[We are experimenting with Twitter threads.]
We’re always reading about how the pandemic has created a new emphasis on preprints, so it stands to reason that non-reviewed preposts would now have a place in blogs. Maybe then I’ll “publish” some of the half-baked posts languishing on draft in errorstatistics.com. I’ll update or replace this prepost after reviewing.
The Booster wars
Like most wars, the recent “booster wars” have (unintended) casualties. I refer, of course, to the disagreement about whether third shots of Covid vaccines are called for because of the evidence of waning protection after 6 or so months, coupled with the more virulent delta variant. Last week’s skirmish, resulting in the FDA advisory committee voting 16 to 2 against approving a third shot of Pfizer’s vaccine (to anyone over 16) seemed to be more of a backlash by some members in FDA’s Office of Vaccines against being sidelined by the White House when they announced last month already that a booster shot was forthcoming for all. (Two members, including the director of the Office of Vaccines is leaving, presumably as a result, at least that’s how it was described in the press). The FDA advisory committee claimed there was not enough evidence of benefit to recommend boosters for all, given the unknown risks such as myocarditis (although the data Pfizer presented include just 1 case, I believe).
I watched the last 3 hours of the day’s session on Friday September 17. (It was oddly reassuring that the FDA had at least as many technical glitches with zoom as the rest of us; but not reassuring to see the seeming cavalier attitude of some members). Right after voting the booster plan down the panel immediately turned around and approved the booster for anyone over 65 or who was in a severe risk group. Then, 15 minutes later, they broadened that to include anyone “at high risk of occupational exposure”—at any level of exposure—to Covid, such as healthcare workers, teachers and many others.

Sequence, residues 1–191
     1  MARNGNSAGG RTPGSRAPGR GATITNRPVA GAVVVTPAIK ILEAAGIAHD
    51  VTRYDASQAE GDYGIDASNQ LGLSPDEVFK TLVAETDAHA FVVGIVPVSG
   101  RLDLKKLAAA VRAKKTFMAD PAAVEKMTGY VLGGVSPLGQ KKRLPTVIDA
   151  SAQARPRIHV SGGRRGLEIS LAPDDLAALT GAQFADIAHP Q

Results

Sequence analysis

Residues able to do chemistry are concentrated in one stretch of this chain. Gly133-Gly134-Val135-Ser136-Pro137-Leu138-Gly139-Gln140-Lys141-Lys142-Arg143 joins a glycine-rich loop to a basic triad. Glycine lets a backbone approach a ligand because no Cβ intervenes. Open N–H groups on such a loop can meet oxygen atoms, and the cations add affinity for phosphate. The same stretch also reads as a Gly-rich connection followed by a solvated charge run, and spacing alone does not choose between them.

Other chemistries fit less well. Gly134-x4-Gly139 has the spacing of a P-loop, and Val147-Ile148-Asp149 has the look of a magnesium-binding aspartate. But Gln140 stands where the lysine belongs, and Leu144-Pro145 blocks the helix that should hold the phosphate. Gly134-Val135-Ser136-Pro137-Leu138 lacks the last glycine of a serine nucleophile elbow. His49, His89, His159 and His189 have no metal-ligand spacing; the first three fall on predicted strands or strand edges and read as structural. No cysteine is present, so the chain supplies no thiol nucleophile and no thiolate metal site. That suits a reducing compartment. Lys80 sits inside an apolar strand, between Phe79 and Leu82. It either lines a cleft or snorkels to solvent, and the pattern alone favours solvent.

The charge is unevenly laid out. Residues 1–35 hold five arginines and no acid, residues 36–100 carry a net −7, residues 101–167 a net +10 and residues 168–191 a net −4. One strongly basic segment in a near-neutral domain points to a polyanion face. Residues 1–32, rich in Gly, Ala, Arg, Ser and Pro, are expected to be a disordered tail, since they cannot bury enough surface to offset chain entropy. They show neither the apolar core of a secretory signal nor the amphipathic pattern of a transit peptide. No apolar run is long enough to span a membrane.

Do our health experts realize how detrimental their infighting is to the rest of us? Couldn’t they have come to somewhat of an agreement—at least as to how to explain their opposed standpoints—before making rival pronouncements and issuing dueling preprints? For at least one whole month now, we’ve been witnessing squabbling agencies. It came as a surprise to hear Biden/Fauci announce in mid-August that boosters were necessary, it was only a matter of time. “Even among government scientists, the idea has been met with skepticism and anger” we read in the NYT. Fauci said last month it would probably be 8 months, no make that 6 months (after the last vaccine). “Fauci said: he was ‘certain‘ that Americans would need booster shots of the COVID-19 vaccine” possibly at 5 months! Today he even strengthened that view, asserting “the third shots should be viewed as a part of the COVID-19 vaccine regimen, just like the first and second shots,… I think that three shots will be the actual correct regimen”.
Does that mean he’s prepared now, despite the analysis of the FDA panel, to have the booster mandated wherever the others currently are? Apparently.
We’d all love to see the plan
So what would the plan be then? Boosters every 6 months? Israel is preparing for a 4th dose already. What about the development of boosters for Delta and other variants? Is that in the works in the U.S.? And if boosters are to be recommended on the basis of declining levels of neutralizing antibodies (correlated, it is thought, with breakthrough cases), why not recommend people test their levels? I did go out and get my levels tested a couple of weeks ago but it was anything but routine. Friday’s FDA panel voted to wait until more evidence is in. If our numbers are high, then, is it advisable to wait, even if we fall into the FDA’s (vague) permissible category? The answers we are getting are simplistic, defensive, and, to my knowledge, don’t address this and other fairly obvious conundrums for an anxious public.
The main basis for the rejection by the FDA panel was described in aLancet article appearing right before: they find the available evidence pointing to the need for boosters to be weak, based on observational studies, they claim, of just a few weeks: